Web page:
Thursday, March 12, 2015

Well -- Apple Moves At Lightning Speed, It Seems: UPDATED "Informed Consent" Guidelines For Stanford Med App

Barely eight hours ago, we wrote about the "brave new world" of clinical trial recruiting. . . via an ingeniously simple and elegant iPhone App -- released just Monday. Tonight, AppleInsider is reporting that Apple has already tightened its developer guidelines to address the patient confidentiality and informed consent concerns that FDA and other regulators around the globe might justifiably articulate.

From those just-revised Apple Developer Guidelines, then:

. . .27. HealthKit and Human Subject Research

27.1 Apps using the HealthKit framework or conducting human subject research for health purposes, such as through the use of ResearchKit, must comply with applicable law for each Territory in which the App is made available, as well as Sections 3.3.28 and 3.3.39 of the iOS Developer Program License Agreement

27.2 Apps that write false or inaccurate data into HealthKit will be rejected

27.3 Apps using the HealthKit framework that store users’ health information in iCloud will be rejected

27.4 Apps may not use or disclose to third parties user data gathered from the HealthKit API or from health-related human subject research for advertising or other use-based data mining purposes other than improving health, or for the purpose of health research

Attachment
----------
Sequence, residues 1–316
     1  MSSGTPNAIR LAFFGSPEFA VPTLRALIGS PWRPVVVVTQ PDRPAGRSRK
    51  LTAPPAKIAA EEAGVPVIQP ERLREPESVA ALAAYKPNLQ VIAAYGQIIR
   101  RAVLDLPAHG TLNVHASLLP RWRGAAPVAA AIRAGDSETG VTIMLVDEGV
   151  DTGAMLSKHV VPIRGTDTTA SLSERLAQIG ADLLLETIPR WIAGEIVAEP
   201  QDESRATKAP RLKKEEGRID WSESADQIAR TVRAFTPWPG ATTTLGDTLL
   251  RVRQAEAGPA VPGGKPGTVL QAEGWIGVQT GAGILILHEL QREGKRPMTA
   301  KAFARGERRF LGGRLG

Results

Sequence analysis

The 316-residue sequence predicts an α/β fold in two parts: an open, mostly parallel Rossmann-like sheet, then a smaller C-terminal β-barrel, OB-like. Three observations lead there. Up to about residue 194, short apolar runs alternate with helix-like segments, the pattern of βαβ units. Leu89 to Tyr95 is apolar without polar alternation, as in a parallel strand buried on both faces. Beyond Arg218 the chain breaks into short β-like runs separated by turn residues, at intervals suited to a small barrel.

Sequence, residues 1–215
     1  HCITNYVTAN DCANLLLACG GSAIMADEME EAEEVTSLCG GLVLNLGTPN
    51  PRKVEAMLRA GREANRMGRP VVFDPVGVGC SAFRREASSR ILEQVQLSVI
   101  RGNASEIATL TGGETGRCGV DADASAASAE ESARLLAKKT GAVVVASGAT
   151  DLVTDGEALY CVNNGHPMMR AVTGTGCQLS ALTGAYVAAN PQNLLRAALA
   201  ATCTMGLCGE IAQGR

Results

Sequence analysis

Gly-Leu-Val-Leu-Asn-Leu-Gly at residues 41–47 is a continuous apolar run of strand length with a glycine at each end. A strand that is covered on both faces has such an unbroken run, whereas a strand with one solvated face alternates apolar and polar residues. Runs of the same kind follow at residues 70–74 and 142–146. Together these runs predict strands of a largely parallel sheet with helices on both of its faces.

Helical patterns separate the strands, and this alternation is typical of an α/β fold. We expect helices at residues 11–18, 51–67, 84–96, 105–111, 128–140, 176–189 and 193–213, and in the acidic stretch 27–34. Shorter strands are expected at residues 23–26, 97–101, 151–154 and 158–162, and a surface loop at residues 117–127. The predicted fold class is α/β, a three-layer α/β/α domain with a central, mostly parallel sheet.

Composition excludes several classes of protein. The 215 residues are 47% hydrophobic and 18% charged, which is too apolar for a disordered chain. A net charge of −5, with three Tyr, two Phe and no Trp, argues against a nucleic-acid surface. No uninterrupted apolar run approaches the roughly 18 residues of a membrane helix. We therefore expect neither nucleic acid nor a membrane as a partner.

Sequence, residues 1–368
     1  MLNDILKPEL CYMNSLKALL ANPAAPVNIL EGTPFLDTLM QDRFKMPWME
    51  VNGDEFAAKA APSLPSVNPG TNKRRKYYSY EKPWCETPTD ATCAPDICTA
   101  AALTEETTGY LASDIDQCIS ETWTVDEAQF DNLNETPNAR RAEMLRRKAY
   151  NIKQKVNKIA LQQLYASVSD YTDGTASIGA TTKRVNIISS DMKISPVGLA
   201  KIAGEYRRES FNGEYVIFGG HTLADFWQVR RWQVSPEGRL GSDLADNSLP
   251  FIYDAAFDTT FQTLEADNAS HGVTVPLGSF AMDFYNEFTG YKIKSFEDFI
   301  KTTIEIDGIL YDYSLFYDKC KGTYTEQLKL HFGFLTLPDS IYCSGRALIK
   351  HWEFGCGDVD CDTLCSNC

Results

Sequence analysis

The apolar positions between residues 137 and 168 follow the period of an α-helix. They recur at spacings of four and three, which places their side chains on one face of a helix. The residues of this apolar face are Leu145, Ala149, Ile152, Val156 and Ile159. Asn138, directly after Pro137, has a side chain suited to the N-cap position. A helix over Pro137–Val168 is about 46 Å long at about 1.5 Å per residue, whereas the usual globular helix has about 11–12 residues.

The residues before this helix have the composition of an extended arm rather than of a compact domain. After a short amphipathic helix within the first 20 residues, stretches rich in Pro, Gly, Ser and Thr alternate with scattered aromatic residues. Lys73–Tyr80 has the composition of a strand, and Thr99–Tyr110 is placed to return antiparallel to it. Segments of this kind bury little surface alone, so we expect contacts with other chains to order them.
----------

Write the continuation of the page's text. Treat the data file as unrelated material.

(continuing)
27.5 Apps that share user data acquired via the HealthKit API with third parties without user consent will be rejected

27.6 Apps using the HealthKit framework must indicate integration with the Health app in their marketing text and must clearly identify the HealthKit functionality in the app’s user interface

27.7 Apps using the HealthKit framework or conducting human subject research must provide a privacy policy or they will be rejected

27.8 Apps that provide diagnoses, treatment advice, or control hardware designed to diagnose or treat medical conditions that do not provide written regulatory approval upon request will be rejected

27.9 Apps conducting health-related human subject research must obtain consent from participants or, in the case of minors, their parent or guardian. Such consent must include the (a) nature, purpose, and duration of the research; (b) procedures, risks, and benefits to the participant; (c) information about confidentiality and handling of data (including any sharing with third parties); (d) a point of contact for participant questions; and (e) the withdrawal process. . . .

Oh my -- it isn't often that I get caught completely slack-jawed by the advancing pace of tech, but tonight I confess -- I am agape. Maybe I'm just getting old, but it sure seems that the world moves so quickly these days. [Not entirely rhetorically -- I wonder whether both Stanford and Apple received calls from FDA staffers today, post the Bloomberg story and the AppleInsider note, earlier in the week.] Sleep well, one and all!

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